Kperfmon (Kernel Performance Monitor)
High-level (presumably with a GUI) clients that interact with the user and talk to the lower-level component (kerninstd) to perform kernel instrumentation. These clients are linked to the KerninstAPI library (libkerninstapi), an application programming interface that abstracts all interaction with kerninstd and provides an easy to use set of C++ classes for writing high-level instrumentation code. Presently, there is one such client, kperfmon, which is shown above. Kperfmon includes a Paradyn-style whereAxis (the 'Kernel Code' frame) that displays kernel modules, functions within modules, and basic blocks within functions. There is also a 'Metrics' frame, which shows the available performance metrics that can be applied to any items selected in the 'Kernel Code' frame. Performance data for the selected metrics and code focuses can be viewed by clicking 'Start a Visi' and selecting one of the three visualizations (Histogram, Barchart, or Table).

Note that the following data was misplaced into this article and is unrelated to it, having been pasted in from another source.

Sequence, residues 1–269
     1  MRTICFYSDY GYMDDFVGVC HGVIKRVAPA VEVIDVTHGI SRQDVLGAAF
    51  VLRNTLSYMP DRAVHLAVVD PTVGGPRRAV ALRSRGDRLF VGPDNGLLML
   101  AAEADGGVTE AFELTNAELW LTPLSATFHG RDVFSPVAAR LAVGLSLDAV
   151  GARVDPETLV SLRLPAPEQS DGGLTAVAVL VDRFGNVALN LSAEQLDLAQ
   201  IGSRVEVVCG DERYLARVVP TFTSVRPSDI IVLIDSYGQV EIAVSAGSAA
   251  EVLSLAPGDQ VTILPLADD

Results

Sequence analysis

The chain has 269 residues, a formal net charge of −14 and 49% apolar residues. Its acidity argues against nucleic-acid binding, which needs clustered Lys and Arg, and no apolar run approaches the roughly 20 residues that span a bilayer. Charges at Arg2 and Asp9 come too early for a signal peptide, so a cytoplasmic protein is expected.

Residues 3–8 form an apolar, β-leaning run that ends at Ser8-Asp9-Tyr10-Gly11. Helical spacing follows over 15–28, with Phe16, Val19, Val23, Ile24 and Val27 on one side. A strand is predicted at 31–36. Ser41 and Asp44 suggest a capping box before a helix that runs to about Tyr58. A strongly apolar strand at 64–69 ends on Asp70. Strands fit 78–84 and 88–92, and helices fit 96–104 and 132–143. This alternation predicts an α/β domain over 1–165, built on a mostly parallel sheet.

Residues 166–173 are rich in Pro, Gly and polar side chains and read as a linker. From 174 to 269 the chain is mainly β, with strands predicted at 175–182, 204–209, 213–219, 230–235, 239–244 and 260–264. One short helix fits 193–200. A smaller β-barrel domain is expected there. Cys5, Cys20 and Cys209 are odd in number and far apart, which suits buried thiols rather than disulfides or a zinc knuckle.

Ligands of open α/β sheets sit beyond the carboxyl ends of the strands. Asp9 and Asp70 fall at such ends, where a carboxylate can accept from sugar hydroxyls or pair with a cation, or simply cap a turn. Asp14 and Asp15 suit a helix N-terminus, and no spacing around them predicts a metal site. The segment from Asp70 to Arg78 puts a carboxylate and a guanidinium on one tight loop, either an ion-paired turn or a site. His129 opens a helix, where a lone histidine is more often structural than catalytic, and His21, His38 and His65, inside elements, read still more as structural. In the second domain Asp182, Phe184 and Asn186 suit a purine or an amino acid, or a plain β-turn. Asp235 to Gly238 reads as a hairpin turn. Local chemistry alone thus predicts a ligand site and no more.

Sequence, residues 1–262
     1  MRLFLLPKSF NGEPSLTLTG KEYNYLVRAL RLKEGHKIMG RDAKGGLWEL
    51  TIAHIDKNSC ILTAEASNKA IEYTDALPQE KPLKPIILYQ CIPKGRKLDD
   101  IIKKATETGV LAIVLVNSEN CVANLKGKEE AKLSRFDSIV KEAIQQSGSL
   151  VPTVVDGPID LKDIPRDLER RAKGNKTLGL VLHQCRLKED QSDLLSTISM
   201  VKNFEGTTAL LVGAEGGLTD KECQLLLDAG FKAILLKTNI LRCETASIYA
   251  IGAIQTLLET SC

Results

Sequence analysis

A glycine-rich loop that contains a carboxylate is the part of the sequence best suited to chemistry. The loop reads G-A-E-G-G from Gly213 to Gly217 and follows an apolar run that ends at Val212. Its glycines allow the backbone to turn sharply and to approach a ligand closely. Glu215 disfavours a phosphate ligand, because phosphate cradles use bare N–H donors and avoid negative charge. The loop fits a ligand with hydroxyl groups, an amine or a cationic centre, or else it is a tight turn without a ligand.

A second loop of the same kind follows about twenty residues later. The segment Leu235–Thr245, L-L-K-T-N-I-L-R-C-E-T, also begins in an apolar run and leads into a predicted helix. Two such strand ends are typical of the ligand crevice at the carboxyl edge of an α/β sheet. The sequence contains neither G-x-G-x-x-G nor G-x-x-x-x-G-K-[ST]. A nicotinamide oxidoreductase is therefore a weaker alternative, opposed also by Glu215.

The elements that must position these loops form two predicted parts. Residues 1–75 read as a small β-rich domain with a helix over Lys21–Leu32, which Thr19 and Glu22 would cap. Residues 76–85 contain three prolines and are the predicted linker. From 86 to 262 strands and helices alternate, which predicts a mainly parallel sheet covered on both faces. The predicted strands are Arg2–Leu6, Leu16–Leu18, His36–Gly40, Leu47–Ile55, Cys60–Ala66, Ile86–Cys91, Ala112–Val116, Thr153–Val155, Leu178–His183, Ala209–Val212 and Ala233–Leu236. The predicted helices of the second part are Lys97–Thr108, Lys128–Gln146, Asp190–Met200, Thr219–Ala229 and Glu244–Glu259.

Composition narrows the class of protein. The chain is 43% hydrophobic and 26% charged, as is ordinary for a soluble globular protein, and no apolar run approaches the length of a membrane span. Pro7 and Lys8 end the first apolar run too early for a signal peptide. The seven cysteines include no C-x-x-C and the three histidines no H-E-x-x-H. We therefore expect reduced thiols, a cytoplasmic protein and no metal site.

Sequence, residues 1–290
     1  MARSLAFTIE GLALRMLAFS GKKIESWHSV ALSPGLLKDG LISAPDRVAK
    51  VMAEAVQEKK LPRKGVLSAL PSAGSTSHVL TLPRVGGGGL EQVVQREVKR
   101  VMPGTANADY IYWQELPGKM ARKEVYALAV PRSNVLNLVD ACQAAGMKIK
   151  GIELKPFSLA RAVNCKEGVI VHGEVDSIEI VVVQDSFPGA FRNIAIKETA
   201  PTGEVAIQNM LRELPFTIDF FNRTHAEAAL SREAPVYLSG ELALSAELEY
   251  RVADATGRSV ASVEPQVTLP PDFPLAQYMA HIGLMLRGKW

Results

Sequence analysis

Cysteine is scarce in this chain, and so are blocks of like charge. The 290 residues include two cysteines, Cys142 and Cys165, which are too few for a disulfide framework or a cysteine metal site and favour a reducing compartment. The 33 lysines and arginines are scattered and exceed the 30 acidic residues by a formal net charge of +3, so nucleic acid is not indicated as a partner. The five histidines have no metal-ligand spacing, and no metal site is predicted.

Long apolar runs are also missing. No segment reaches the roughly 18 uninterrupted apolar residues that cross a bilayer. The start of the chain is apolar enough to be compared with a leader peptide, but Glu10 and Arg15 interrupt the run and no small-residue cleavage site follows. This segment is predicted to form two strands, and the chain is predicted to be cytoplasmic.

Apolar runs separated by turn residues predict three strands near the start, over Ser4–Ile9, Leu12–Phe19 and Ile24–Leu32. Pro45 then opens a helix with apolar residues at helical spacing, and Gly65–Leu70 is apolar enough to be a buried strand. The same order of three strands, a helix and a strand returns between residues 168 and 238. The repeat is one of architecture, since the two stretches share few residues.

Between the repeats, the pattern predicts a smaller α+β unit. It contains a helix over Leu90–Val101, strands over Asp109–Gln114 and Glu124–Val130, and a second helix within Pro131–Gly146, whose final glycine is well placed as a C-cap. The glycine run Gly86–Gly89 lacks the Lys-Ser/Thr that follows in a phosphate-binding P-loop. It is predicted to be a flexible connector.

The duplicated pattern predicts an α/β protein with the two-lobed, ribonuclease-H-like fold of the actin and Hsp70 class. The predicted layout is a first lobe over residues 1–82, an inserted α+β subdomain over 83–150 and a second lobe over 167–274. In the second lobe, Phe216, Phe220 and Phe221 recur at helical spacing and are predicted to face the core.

The two buttons in the kperfmon window under the label 'Disassemble Selected Fn/BasicBlock' will disassemble every function or basic block that is presently selected in the 'Kernel Code' tree. The disassembly window shows, on each line, the instruction s address, its raw bit value, and its disassembly. Calls to fixed-addresses (i.e., excluding calls via a register) will have the callee s name as the title of a pull-down menu that will allow the callee to be disassembled, selected, and unselected, respectively. To the left of each instruction are two + buttons, which when clicked on, will give a live register analysis for this instruction. Clicking on the left most button will show which registers kerninstd thinks are killed (and thus are available for scratch usage by instrumentation code), and which are potentially holding live values. Often, there are a pair of killed/made live lines; this indicates two different Sparc register windows. Clicking on the right most + button will show a live register analysis for this instruction in isolation.
For more information see the KernInst User's Guide